Pregnancy Complications: A Risk Factor For Heart Disease?

1804

It’s no secret that pregnancy taxes a woman’s body. Blood volume expands, heart rate increases and blood sugar levels spike. And while doctors have always been aware of the immediate risks associated with these increased demands on a woman’s body, new research suggests pregnancy complications are a sign of heart disease that may simmer for decades.

“Pregnancy is probably the very earliest stress test, especially for the heart,” explains my colleague Michele Voeltz, M.D., a board-certified interventional cardiologist. “In most cases, delivering the baby eliminates that stress to the system, but it doesn’t erase the underlying insufficiency in the vascular system that indicates later heart risk.”

The end result: Women whose pregnancies are riddled with problems have up to seven times the risk of heart disease compared to those who have uncomplicated pregnancies. In light of these sobering statistics, the American Heart Association has added pregnancy complications to their risk factor profile for heart disease in women.

Among the top complications of concern:

  1. Pregnancy-induced hypertension. Defined as elevated blood pressure during pregnancy, pregnancy-induced hypertension usually resolves at the end the pregnancy—but it frequently comes back with subsequent pregnancies.
  2. Pre-eclampsia. Women who developed pre-eclampsia, a sudden increase in blood pressure late in their pregnancy, have a 2-3 fold risk of dying from heart disease before age 60 compared to women without the condition. Add pre-existing hypertension to the mix, and there’s a 6-fold increased risk.
  3. Placental dysfunction. Women who experience placental problems during pregnancy (including placental abruption, placental infarction and placental insufficiency) have double the risk of cardiac death. The risk doubles if the placental problem affects your baby’s growth and development.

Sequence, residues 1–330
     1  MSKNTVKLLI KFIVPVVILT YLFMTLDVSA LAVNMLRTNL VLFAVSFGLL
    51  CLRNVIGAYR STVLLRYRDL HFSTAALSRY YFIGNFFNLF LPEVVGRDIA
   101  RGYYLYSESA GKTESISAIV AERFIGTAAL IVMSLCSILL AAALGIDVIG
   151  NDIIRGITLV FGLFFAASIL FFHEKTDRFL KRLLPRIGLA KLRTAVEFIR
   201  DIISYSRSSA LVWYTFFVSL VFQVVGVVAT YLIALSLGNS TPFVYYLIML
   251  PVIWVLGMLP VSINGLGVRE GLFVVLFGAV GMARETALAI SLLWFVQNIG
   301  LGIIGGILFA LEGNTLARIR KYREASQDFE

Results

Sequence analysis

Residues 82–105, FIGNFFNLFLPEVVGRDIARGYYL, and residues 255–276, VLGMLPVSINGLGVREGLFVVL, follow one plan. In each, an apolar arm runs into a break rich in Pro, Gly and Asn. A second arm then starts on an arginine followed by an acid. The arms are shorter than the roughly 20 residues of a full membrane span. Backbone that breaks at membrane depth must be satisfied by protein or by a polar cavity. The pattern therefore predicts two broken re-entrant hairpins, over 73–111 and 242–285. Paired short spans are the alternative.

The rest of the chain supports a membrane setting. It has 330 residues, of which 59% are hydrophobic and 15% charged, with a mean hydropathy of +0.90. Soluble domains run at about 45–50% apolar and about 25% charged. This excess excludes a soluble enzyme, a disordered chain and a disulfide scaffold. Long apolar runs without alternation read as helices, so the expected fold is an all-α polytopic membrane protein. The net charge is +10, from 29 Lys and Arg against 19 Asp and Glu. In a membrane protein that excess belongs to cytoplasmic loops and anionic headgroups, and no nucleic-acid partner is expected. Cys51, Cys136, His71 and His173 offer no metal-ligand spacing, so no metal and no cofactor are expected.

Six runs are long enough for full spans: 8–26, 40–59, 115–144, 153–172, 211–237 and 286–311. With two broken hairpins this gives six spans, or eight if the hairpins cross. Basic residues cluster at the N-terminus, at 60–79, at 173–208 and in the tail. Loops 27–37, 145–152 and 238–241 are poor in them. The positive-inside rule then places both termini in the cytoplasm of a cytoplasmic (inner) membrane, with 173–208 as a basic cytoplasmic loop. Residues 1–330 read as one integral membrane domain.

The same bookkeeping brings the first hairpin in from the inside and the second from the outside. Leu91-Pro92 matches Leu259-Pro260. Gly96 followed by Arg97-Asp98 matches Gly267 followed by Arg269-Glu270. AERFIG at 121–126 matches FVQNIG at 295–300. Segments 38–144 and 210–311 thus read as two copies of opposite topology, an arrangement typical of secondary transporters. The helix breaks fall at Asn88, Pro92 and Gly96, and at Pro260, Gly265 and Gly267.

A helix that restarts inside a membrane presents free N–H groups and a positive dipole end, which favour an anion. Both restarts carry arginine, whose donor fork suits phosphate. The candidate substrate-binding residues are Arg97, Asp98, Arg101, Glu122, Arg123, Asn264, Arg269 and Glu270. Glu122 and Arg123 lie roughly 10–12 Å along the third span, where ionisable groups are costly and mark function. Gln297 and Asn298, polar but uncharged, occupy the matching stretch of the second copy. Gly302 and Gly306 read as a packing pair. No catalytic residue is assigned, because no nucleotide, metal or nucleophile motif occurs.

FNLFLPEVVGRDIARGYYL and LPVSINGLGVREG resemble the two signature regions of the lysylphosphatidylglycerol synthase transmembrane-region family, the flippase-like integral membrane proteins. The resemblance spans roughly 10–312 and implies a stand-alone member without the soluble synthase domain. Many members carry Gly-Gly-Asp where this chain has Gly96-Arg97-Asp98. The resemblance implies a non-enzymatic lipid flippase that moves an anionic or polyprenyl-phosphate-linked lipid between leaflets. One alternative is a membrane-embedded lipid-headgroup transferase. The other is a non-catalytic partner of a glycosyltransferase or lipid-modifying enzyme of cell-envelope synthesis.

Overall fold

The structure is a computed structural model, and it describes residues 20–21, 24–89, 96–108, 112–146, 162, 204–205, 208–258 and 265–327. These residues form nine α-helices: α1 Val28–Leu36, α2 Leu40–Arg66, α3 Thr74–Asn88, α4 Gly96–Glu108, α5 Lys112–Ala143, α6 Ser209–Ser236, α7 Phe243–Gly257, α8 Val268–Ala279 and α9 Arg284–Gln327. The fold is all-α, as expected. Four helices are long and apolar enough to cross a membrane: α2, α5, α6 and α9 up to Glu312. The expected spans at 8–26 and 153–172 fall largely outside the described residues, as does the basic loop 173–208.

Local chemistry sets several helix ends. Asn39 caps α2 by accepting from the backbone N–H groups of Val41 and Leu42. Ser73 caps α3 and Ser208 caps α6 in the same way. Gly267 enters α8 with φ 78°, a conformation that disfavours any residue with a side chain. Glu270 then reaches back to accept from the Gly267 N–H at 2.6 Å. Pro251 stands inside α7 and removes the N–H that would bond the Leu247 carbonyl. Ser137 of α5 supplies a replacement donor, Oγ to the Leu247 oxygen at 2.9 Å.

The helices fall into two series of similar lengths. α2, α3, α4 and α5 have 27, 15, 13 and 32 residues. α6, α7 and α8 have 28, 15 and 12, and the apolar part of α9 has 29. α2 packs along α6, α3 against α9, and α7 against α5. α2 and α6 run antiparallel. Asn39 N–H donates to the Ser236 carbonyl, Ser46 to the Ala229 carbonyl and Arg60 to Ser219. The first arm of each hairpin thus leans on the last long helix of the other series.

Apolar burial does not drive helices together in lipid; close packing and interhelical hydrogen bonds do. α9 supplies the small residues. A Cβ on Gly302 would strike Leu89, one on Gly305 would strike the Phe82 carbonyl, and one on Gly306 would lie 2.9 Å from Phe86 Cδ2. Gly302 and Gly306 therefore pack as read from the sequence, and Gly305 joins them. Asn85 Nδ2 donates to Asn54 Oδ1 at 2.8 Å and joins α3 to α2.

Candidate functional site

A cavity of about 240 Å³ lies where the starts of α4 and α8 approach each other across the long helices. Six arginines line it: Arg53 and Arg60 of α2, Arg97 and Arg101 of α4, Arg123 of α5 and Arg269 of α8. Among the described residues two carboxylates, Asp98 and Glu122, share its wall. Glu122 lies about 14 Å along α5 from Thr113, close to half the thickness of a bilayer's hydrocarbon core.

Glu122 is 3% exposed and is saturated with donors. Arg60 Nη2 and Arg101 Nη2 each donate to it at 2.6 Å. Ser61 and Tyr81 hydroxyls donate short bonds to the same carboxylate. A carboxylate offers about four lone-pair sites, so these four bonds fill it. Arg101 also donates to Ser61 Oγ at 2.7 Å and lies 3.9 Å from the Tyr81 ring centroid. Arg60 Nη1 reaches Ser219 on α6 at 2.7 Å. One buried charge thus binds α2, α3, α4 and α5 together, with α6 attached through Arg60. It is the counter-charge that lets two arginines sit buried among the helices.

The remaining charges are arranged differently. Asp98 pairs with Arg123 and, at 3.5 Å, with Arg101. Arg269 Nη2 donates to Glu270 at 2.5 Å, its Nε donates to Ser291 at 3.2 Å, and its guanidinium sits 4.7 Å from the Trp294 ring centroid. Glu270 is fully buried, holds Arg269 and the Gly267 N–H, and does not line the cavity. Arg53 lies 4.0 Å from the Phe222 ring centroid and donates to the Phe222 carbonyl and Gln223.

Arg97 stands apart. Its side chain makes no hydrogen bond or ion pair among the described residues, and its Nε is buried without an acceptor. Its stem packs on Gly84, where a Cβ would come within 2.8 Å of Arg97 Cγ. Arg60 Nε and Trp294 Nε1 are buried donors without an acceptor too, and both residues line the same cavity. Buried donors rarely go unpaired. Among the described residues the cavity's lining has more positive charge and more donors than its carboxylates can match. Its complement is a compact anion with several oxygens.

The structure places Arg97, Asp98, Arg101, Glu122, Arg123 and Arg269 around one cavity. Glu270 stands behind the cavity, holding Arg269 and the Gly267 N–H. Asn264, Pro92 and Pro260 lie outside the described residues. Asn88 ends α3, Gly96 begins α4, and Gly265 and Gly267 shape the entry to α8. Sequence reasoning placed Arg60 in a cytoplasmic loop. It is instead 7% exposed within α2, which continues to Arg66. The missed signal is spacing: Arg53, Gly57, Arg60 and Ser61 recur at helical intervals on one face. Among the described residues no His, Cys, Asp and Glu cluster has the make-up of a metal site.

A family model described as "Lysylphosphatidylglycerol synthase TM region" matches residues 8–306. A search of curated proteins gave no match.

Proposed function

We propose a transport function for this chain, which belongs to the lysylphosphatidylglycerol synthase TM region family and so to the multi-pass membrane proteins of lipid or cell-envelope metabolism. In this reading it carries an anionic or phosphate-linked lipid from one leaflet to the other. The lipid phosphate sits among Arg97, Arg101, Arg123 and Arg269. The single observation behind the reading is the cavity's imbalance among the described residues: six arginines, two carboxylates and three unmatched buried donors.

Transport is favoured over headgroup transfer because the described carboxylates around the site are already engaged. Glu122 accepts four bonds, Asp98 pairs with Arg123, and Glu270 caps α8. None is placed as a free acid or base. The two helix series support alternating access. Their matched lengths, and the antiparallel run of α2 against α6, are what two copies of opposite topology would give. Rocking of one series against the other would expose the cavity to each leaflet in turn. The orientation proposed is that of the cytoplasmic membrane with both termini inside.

4. Gestational diabetes. Women who develop diabetes during pregnancy, even if it resolves after delivery, are at increased risk of heart disease.
  5. Low birth weight. If you give birth to a low birth weight baby—even without any other pregnancy complications—you have double the risk of dying from a heart-related issue.

These numbers are alarming but if you suffered complications during pregnancy, it doesn’t mean you’re destined for a heart attack. Rather, it’s a warning sign to take steps to reduce your risk. Eat a healthy diet, exercise regularly, manage stress and get sufficient sleep. Most importantly, inform your doctor of any complications you experienced during pregnancy so he or she has a full picture of your health history and factors that may affect your risk for conditions like heart disease.

That way, instead of suffering from an unexpected heart attack at an early age, we can initiate preventive strategies to keep heart disease at bay before it’s too late. For a small percentage of women with complicated pregnancies, that means seeing a cardiologist immediately after pregnancy — talk with your OB/GYN or midwife if you have questions about whether that may include you.


The Henry Ford Women’s Heart Center is designed to provide life-changing support to women with heart disease or cardiovascular risk factors. Learn more about how a comprehensive Lifestyle Enhancement Visit may help you or call (313) 876-4540 to make an appointment.

Categories: FeelWell